He argued the “communication” restriction wasn’t on me; it was on Jon. However, by its very definition, “communication” is interactive. I told him I could talk to a tube of toothpaste all day long, but if it doesn’t respond, it’s not “communication.”
Ronald Meier stated he couldn’t do anything about it. He also said he had no idea who put my name there, or why.
Then, I received an official copy of the document. The only name on it is: Ronald Meier – the very person who feigned ignorance of the entire thing.
So I sent Meier a polite but firm email (read it here) stating I had the document – with his name printed at the bottom – and that I would like him to correct the document and send it to the parole board for amending. I said I would follow up with a phone call.
A week after no reply from Meier, I called him. He was waiting for me. He verbally ambushed me, chastising me for sending him an email. He kept nervously repeating I shouldn’t email him at the facility.
I can think of only one reason.
Needless to say, as a state employee, he is a public servant. We pay his salary. I told him my preferred method of communication was email, as I like to have things documented in writing. Evidently, he does not want anything documented in writing.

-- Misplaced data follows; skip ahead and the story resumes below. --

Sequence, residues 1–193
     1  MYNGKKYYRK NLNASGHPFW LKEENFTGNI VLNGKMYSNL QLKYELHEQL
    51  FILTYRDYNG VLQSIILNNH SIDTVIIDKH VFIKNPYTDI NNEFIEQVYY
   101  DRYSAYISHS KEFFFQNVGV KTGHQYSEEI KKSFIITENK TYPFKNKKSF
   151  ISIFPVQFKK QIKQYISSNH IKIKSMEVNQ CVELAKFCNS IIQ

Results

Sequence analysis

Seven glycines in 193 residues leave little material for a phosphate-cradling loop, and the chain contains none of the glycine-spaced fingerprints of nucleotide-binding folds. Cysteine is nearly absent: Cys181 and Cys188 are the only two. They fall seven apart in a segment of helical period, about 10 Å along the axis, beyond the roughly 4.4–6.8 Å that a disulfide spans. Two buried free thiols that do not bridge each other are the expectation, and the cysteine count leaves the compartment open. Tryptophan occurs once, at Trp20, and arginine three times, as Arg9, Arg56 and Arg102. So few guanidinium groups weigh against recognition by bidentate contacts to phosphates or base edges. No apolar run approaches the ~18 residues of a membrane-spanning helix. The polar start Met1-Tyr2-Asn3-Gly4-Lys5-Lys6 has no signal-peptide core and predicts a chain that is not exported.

He then claimed he could not adjust the document, and would not. It was then I pointed out that the name of Jon’s actual crime victim was omitted. After stuttering and stammering, Meier said that was “odd” and tried to come up with a justification. There is none. The names of the other three individuals with orders of protection are there; Rosser’s is omitted. My name aside, it is a fact the document omitting the victim’s name is incorrect. Yet, the state employees at Mid-State prison refuse to correct their error.
This is why you should care. We pay their salaries. A single individual is making decisions, without oversight, that affect your life. And even when the documents are in error, no state employee is willing to correct it.
They are not doing their jobs. There is no way to make a state employee do his/her job.
Meier left it as – regardless, he can’t change the document and is unwilling to take steps to correct it. I asked to speak with his supervisor and left a detailed message. Anne Joslyn, a deputy superintendent at Mid-State, has refused to return my call or address the issue in any way. I have also emailed the interim Superintendent, Matthew Thoms. This is the person inserted in the Superintendent position after the NY Times reported a rogue band of guards raided a dorm and urinated all over the floor, beat the inmates and sodomized them with metal objects.
The state employees at Mid-State think they have power. And as long as no one reins them in, they do have power. Simply by pushing it across the desk, they got the parole board to sign a document that makes no sense and is actually dangerous to a crime victim (Rosser).
And that kind of unbridled power is dangerous. Trampling a citizen’s constitutional rights, with no recourse – is dangerous.
Today it’s me, tomorow it will be you.